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Pro. Gone, my good lord.
Duke. And, Protheus, we dare trust you in this Duke. My daughter takes his going heavily. Because we know, on Valentine's report, [kind; Pro. A little time, my lord, will kill that grief. You are already love's firin votary,
Duke. So I believe, but Thurio thinks not s0.- And cannot soon revolt and change your mind. Protheus, the good conceit I hold of thee, 5 Upon this warrant shall you have access, (For thou hast shewn some sign of good desert) Where you with Silvia inay conter at large, Makes me the better to conter with thee.
For she is lumpish, heavy, melancholy, Pro. Longer than I prove loyal to your grace, And, for your friend's sake, will be glad of you; Let me not live to look upon your grace. (eflect Where you inay temper her, by your persuasion,
Duke. Thou know'st, how willingly I would 10 To hate young Valentine, and love my friend. The match between sir Thurio and my daughter. Pro. As much as I can do, I will eifect:Pro. I do, my lord.
But you, sir Thurio, are not sharp enough; Duke. And also, I do think, thou art not ignorant You must lay lime ', to tangle her desires, Ilow she opposes her against my will.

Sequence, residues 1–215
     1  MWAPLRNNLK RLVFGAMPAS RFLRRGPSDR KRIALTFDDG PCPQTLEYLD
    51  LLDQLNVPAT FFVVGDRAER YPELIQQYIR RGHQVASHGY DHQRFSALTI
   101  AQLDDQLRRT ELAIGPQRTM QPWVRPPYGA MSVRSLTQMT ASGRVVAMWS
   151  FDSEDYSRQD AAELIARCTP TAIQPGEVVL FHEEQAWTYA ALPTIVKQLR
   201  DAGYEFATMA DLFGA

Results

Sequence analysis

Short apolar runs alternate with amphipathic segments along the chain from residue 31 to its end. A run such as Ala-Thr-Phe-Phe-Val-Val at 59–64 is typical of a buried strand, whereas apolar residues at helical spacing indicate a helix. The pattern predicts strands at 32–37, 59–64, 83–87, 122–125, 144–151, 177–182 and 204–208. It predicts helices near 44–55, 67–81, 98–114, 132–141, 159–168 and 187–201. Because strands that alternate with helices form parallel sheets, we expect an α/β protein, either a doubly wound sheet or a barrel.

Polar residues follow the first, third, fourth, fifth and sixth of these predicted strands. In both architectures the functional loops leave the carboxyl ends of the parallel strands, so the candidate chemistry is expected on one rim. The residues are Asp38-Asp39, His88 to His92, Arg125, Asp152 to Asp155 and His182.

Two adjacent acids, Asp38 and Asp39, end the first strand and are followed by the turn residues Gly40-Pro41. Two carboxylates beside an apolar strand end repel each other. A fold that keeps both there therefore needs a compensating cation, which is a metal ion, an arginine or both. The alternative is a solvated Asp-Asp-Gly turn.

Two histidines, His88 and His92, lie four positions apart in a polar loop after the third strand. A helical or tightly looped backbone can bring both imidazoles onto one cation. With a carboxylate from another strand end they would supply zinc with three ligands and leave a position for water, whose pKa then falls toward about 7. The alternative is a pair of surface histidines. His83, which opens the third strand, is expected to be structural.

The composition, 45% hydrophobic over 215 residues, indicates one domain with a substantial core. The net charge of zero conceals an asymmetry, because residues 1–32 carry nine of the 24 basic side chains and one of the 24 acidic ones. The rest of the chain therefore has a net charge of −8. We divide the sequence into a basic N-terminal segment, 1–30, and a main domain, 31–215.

By waillul sonnets, whose composed rhimes Pro. She did, my lord, when Valentinewas here. 15/should be full fraught with serviceable vows.
Duke. Ay, and perversely she perseveres so. Duke. Ay, muchistheforce of heaven-bred poesy. What might we do to make the girl forget
Pro. Say, that upon the altar of her beauty The love of Valentine, and live sir Thurio? You sacrifice your tears, your sighis, your heart:
Pro. The best way is, to slander Valentine Write, till your ink be dry; and with your tears With falshood, cowardice, and poor descent; 20 Moist it again; and frame some feeling line, Three things that women highly hold in hate. That may discover such integrity:
Duke. Ay, but she'll think that it is spokein hate. For Orpheus' lute was strung with poets' sinews; Pro. Ay, if his enemy deliver it:
Whose golden touch could soitensteel and stones, Therefore it must, with circumstance, be spoken Make tygers tame, and huge leviathans By one, whom she esteemeth as his friend. 25 forsake unsounded deeps to dance on sands. Duke. Then you must undertake to slander him. After your dire-lamenting elegics, Pro. And that, my lord, I shall be loth to do: Visit by night your lady's chamber-window 'Tis an ill office for a gentleman;